Time for global thinking in schools

Published 9:37 pm Wednesday, July 16, 2014

By Alyssa Nierman

The state of being globally minded or having the ability to adapt is, unfortunately, not something with which we are born. It is a learned trait.

As someone with experience both as a student and a teacher at a small, private school, I understand just how crucial it is for a teacher to encourage this particular trait.

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One mother I know, who is also an educator, often says, “Teachers are molders of young minds. Without knowing so, teachers create an army of miniature versions of themselves.”

I wholeheartedly agree. As a teacher, it is my job to ensure that I am instilling a thirst for the world in each of my students. If a student is encouraged and inspired to know more about something, regardless of the topic, his passion can be inflamed. But if a student is left feeling unsupported or uninspired, the passion dies.

Thus, my duty as a teacher is to enthusiastically provide an ignition to their spark and the guidance for them to discover the answers in which they are seeking.

I worked steadily to fulfill my duty. As an example, my world geography class was the first class in school history to be involved with the People to People International Classroom Program.

My eighth graders were thrilled to be partnered with a class from Ukraine. They exchanged handwritten letters, which not only allowed them to reacquaint themselves with the ancient art of penmanship but also allowed them to absorb quite a bit of Ukrainian culture, as well.

When I realized that my class was entirely unaware of the atrocities of the Second Sudanese Civil War, I invited a “Lost Boy” of Sudan to speak to the school. My students’ questions ranged from the raw, heart-wrenching (“What happened to the babies who had to travel across Sudan?”) to the less serious (“What do you think about Walmart?”)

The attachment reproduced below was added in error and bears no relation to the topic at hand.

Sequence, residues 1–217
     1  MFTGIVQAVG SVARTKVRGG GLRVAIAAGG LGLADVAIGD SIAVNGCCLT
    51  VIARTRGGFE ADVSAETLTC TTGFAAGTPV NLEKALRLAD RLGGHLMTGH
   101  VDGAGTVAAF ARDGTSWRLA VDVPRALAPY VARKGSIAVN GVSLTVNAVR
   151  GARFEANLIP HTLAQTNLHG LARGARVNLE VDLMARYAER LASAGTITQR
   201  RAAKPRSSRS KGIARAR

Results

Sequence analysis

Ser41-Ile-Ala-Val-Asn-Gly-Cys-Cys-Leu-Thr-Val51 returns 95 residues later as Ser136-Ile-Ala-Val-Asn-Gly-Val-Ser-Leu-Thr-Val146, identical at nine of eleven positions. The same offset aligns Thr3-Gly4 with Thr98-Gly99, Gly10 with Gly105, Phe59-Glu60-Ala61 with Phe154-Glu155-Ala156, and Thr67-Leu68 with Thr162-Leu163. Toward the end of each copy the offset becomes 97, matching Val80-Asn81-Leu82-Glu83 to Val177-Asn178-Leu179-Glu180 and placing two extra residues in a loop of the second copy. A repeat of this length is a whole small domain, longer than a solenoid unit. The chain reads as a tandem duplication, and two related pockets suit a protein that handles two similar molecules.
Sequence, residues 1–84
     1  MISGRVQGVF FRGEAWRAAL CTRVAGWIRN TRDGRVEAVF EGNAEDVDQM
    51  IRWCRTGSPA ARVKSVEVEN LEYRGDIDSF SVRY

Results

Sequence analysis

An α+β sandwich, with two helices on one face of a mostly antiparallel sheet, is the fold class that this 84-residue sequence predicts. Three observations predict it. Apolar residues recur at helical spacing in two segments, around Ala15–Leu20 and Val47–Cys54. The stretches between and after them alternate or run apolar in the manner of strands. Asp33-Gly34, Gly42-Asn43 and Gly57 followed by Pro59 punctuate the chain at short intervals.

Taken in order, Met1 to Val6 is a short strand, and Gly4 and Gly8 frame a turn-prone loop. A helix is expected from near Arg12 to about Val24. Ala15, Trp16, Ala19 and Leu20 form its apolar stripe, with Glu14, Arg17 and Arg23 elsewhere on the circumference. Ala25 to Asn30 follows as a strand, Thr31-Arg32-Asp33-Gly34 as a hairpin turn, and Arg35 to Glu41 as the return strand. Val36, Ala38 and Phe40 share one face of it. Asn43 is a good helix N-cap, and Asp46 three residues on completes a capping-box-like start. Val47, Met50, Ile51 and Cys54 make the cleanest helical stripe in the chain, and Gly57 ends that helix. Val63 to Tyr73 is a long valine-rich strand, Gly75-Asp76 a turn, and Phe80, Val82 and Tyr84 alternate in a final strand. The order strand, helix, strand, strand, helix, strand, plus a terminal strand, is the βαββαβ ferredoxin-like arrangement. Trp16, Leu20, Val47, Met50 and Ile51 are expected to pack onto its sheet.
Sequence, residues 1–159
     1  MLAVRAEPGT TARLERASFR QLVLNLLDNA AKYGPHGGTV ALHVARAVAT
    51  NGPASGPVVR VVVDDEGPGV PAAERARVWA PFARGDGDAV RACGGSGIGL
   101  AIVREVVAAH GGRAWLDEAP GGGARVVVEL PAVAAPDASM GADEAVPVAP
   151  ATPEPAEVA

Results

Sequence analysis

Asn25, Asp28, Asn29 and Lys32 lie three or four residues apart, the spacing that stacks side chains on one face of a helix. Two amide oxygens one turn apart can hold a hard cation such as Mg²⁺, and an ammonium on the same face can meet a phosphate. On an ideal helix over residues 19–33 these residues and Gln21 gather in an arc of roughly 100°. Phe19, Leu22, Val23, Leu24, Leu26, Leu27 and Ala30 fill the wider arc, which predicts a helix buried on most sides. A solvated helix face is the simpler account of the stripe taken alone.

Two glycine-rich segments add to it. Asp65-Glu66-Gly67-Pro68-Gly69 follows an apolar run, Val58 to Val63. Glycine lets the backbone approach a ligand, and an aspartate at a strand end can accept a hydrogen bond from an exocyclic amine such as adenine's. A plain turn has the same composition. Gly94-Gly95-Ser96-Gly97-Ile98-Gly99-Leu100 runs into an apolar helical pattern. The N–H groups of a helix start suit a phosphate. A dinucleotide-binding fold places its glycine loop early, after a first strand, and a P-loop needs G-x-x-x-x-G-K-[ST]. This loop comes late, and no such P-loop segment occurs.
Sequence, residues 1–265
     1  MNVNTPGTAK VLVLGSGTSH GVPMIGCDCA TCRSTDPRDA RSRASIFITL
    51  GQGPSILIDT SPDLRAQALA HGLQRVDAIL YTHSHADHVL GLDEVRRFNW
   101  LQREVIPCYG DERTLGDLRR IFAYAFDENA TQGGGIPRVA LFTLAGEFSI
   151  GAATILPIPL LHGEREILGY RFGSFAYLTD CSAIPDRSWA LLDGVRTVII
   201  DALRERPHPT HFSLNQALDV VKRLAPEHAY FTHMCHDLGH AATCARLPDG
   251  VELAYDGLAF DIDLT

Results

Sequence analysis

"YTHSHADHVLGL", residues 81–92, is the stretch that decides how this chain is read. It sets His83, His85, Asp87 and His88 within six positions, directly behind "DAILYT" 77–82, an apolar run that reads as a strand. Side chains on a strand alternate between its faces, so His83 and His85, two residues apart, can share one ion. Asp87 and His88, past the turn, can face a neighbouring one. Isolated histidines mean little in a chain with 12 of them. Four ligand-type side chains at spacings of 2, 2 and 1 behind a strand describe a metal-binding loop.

Within the United States, an urgent need exists for students to become more globally minded. Though many teachers confirm this idea without hesitation, few follow through with confirming action.

A globally minded teacher nurtures — no, expects — global understanding and respect from his or her students and works toward creating globally minded adults. Global-mindedness, both within children and adults, requires compassion, empathy, and emotional intelligence. It expects that one will aim to respect the uniqueness and value of everyone.

It is vital to develop a firm, unprejudiced grasp of culture and identity. Diversity should always be considered an asset. But just as important as embracing differences is talking about commonalities. Regardless of a person’s skin color, spirituality, sexual preference, dress, diet, or customs, humans are humans. We all breathe, we all laugh, we all cry.

The moment one stops teaching what is wrong or right by individual standards and begins teaching what is wrong and right by human standards is the moment one has matured into a globally minded human.

Alyssa Nierman, a Suffolk resident, teaches middle-school English at Isle of Wight Academy. Email her at alyssanierman@gmail.com.